Dropping the "washerwoman" had to be deliberate. O'Neill was part of the Gaelic League effort to suppress the "stage Irishman" stereotype. He helped organize a Feis in 1912 and then again in 1913 where people dressed as "stage Irishmen" were not allowed on to participate. From the Chicago Tribune, july 29 1912:

"Two young Irishmen, dressed In knee breeches, green stockings, ragged swallow tail coats and wearing dilapidated hats and green neckerchiefs—they were stage Irishmen-walked up the stairs to the platform where Irish dances were being danced in Gaelic park yesterday. They did not get quite up to the platform because two of the officials saw them. The two young men were firmly but courteously thrust back down the steps by the officials. They were told they could not enter the Irish Jig dancing contests,

”We have been fighting this sort of thing for twenty-five years," explained Donald O'Connor, master of ceremonies at the first annual Chicago Feis. "This is no place for burlesque stage Irishmen.""


I have no idea how Irish musicians feel about it, and of course it would be silly to ban thing simply because it might offend modern sensibilities, but I'd personally avoid that tune for the reason given.

Stephen Foster was a brilliant composer! His songs are marvelous and then you get to the lyrics and just cringe. "hard times come again no more" is always a safe bet.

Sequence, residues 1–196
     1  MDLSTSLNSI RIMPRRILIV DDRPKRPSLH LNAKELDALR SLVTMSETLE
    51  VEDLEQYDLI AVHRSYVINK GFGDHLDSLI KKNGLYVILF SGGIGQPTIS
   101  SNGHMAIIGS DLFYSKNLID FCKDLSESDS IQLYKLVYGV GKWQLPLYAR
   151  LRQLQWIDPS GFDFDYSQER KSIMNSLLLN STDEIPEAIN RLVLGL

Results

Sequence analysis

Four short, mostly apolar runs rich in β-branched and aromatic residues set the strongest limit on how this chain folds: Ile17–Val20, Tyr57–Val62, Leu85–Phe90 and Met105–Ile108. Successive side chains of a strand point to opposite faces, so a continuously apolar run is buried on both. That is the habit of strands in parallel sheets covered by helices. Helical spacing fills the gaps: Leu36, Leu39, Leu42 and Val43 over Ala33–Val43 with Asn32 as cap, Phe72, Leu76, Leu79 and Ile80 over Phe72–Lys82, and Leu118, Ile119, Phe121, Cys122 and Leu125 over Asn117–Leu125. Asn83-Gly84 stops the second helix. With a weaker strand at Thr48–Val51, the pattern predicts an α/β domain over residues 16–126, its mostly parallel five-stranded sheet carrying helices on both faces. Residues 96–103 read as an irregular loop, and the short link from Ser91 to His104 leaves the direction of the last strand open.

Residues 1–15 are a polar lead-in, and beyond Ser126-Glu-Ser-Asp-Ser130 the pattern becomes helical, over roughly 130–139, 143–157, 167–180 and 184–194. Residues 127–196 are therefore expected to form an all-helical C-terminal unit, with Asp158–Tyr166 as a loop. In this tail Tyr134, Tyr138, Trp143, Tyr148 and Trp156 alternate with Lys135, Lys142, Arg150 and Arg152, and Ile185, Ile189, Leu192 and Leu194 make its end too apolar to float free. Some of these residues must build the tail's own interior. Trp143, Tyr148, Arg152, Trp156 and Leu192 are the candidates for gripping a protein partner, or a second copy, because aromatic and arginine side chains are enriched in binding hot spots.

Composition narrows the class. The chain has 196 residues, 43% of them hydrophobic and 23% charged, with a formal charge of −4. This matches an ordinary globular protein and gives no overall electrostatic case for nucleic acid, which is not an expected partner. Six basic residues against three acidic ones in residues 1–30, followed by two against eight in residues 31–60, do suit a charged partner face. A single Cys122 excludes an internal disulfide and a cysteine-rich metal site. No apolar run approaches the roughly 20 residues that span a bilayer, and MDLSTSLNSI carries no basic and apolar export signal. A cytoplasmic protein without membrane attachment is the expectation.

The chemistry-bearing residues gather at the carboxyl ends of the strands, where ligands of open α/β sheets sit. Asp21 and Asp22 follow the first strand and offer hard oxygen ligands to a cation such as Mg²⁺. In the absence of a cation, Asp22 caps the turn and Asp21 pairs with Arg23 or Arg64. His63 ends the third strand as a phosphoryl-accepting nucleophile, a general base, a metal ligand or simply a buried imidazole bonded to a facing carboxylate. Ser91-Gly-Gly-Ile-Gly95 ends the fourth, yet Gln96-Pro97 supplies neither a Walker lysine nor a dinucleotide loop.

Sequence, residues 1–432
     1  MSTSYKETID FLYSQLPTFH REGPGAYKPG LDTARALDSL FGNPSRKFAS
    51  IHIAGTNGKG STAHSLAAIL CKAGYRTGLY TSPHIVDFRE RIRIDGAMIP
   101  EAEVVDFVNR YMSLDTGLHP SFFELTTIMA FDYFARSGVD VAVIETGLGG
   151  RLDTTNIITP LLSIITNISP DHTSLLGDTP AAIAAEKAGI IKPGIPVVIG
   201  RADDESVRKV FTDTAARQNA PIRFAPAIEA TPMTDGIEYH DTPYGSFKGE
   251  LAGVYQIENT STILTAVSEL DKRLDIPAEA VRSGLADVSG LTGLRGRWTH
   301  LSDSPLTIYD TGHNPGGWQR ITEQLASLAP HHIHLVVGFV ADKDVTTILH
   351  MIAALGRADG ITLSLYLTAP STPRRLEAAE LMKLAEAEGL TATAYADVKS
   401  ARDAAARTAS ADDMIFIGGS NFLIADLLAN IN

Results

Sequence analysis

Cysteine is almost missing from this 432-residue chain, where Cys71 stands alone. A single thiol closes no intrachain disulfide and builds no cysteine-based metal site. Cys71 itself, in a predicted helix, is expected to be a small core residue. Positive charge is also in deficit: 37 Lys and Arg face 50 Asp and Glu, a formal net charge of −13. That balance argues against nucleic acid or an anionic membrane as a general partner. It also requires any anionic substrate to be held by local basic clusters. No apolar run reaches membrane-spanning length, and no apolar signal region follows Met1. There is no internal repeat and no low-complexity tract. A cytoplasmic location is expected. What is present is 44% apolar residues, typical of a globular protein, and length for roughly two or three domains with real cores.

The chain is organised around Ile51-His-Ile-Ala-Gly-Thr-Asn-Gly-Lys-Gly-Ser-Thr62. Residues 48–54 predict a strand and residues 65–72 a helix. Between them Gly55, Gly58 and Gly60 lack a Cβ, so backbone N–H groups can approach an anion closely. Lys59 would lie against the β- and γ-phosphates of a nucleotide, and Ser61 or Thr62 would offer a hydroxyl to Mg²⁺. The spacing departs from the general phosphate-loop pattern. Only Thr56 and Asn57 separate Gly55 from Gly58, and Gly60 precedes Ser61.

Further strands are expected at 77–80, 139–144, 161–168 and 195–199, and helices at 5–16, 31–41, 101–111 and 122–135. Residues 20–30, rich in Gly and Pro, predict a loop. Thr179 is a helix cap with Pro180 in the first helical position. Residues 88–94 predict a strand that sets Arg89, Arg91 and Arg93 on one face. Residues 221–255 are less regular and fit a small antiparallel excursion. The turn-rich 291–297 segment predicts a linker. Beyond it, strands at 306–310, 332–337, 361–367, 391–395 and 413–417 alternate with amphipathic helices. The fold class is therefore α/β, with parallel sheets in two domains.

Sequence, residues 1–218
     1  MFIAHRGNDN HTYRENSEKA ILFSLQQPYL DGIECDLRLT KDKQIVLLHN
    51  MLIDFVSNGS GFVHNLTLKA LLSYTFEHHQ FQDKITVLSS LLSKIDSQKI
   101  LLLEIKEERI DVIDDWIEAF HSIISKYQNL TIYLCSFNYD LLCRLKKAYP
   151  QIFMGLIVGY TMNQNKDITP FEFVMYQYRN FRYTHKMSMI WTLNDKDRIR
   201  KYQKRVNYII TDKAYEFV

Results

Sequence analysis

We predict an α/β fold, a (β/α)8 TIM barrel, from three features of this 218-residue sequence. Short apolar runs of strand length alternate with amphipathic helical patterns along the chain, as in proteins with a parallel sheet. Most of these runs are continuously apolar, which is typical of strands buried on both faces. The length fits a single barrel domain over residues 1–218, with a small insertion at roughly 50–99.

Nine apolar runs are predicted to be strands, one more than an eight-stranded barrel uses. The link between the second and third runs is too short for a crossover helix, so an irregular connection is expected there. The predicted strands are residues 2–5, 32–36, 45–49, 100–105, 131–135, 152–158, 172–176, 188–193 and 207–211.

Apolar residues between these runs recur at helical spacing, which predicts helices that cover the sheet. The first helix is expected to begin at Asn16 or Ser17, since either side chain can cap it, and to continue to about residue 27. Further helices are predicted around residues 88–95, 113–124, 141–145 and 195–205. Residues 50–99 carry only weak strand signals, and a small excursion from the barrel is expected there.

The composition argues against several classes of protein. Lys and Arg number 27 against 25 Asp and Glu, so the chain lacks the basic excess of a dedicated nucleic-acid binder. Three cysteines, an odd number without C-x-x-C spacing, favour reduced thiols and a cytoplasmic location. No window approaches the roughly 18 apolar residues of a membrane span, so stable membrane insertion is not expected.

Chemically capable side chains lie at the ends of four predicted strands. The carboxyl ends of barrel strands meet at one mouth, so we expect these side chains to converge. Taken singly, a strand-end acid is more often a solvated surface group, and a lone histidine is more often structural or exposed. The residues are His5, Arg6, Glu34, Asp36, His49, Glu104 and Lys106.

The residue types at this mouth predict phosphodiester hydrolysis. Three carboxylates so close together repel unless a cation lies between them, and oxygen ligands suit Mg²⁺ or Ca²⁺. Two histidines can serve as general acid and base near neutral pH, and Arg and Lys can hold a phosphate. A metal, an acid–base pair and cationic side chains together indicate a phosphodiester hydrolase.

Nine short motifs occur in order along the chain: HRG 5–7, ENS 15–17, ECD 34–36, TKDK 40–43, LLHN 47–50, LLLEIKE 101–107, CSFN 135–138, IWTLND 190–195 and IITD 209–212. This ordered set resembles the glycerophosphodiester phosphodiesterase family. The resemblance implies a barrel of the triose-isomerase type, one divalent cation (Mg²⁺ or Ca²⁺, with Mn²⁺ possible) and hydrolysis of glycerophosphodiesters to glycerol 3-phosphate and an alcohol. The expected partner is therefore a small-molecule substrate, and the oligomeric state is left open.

I don't think there's any need to be a zealot or dogmatic about this stuff but I assume most of us are into ITM because we value history and tradition and think about their meaning.


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 Post subject: Re: Washed Up!
PostPosted: Mon Aug 05, 2019 9:38 am 
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PB+J wrote:
I'm probably overly aware of or concerned with history in general. I think it's revealing that O'Neill seems to have changed the name of the tune. He sometimes changed the names of tunes that were Irish in origin but had American sounding names. Paul DeGrae has written about this--O'Neill changed "The Bells of Omaha" in Ryan's Mammoth Collection to "The Belles of Omagh," for example!

Dropping the "washerwoman" had to be deliberate. O'Neill was part of the Gaelic League effort to suppress the "stage Irishman" stereotype. He helped organize a Feis in 1912 and then again in 1913 where people dressed as "stage Irishmen" were not allowed on to participate. From the Chicago Tribune, july 29 1912: